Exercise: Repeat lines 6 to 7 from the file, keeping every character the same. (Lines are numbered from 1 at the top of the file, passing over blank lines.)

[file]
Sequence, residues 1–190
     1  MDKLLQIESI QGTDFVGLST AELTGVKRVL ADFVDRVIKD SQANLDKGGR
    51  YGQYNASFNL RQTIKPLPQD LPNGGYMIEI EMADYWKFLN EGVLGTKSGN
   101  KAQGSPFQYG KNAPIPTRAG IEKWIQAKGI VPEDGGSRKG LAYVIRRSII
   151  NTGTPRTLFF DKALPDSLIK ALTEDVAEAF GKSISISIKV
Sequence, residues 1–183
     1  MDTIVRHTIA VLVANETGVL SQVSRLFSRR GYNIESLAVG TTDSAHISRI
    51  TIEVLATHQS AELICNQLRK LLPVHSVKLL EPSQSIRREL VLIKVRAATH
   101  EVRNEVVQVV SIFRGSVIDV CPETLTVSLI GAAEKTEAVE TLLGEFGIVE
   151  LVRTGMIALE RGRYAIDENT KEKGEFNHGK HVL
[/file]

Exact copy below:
Sequence, residues 1–183
     1  MDTIVRHTIA VLVANETGVL SQVSRLFSRR GYNIESLAVG TTDSAHISRI